Ann Gloag wins
Kinfauns Castle overlooks the A90 just east of Perth, and itself is overlooked by the crags and footpaths of Kinnoull Hill (click here for walking story). The Coronation Road runs up on the east side of Kinfauns estate, and over to Scone. So there is plenty of opportunity for walkers in the area. However, Kinfauns Castle has attractive grounds and is a point of interest on walks around here. It had even been a CHA walking holiday centre for decades, before becoming a luxury hotel in the 1990s. Mrs Gloag has now bought it, converted it back to a private home, and had a high security fence erected around a 1-mile perimeter.
The big question therefore was whether this was contrary to the Right to Roam legislation passed in 2003 (see the Countryside Access page). The Ramblers Association and Perth & Kinross Council believed it was, and sought to have the fence removed via the courts. However, as the Courier reports today, Sheriff Michael Fletcher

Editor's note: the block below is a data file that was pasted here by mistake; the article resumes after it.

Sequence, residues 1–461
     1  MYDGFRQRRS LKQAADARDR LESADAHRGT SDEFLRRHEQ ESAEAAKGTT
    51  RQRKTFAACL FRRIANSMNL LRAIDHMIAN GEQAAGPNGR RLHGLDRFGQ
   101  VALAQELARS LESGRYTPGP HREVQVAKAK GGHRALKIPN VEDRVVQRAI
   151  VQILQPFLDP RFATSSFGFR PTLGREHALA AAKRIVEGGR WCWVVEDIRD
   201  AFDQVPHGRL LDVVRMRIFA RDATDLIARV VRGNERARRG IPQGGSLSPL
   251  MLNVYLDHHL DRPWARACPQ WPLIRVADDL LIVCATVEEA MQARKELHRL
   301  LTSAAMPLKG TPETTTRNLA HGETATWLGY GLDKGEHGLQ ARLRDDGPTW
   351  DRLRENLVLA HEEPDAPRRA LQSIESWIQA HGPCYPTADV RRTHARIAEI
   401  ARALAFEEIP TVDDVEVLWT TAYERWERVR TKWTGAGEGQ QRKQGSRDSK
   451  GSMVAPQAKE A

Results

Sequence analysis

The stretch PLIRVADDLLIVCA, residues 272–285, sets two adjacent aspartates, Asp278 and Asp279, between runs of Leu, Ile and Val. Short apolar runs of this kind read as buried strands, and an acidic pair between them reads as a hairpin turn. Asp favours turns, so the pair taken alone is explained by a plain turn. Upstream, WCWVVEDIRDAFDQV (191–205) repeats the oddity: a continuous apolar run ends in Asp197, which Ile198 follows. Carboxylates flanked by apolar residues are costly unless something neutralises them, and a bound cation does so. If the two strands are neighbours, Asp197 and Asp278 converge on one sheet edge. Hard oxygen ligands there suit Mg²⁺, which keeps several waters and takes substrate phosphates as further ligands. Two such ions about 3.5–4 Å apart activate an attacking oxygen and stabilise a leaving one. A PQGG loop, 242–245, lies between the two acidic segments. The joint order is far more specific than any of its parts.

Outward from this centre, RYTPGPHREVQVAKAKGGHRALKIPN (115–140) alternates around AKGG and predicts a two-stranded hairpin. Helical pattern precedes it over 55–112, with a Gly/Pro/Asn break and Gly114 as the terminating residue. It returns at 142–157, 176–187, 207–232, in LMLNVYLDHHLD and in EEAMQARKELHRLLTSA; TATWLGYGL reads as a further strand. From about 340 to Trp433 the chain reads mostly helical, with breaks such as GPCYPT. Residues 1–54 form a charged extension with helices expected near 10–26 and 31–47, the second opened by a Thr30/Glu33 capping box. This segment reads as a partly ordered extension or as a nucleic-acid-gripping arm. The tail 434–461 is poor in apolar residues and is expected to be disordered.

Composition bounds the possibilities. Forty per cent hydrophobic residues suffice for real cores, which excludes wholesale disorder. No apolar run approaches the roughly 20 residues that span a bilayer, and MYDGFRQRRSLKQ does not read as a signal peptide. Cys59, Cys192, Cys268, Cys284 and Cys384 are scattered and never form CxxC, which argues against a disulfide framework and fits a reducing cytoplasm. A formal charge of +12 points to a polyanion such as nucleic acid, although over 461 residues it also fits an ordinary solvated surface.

decided that access rights did not apply to the contested area of her estate.
He said "The landowner is entitled to sufficient land to be excluded from access rights to enjoy their enjoyment of the house is not unreasonably disturbed.
To ignore the occupants' enjoyment of the house would be a breach of the European Convention on Human Rights.
Persons living in a house of this kind, as it is in the country, would consider their enjoyment of that house would be considerably reduced if the house was not located in reasonably large grounds which were private."
A spokesman for Mrs Gloag has welcomed the decision as a victory for those who want "the right to enjoy reasonable privacy within their own homes" and argued it applied equally to those with smaller properties who didn't want people walking through their garden.
Put that way, the decision seems quite reasonable - the public have access through other parts of the Kinfauns estate; it's only the area surrounding the house that's recognised as restricted to private access.
However, the Ramblers Association and Perth & Kinrss Council are considering whether to appeal against this interpretation of the legislation. The Ramblers fear other landowners will be encouraged to try and keep people out of large areas of ground as a result.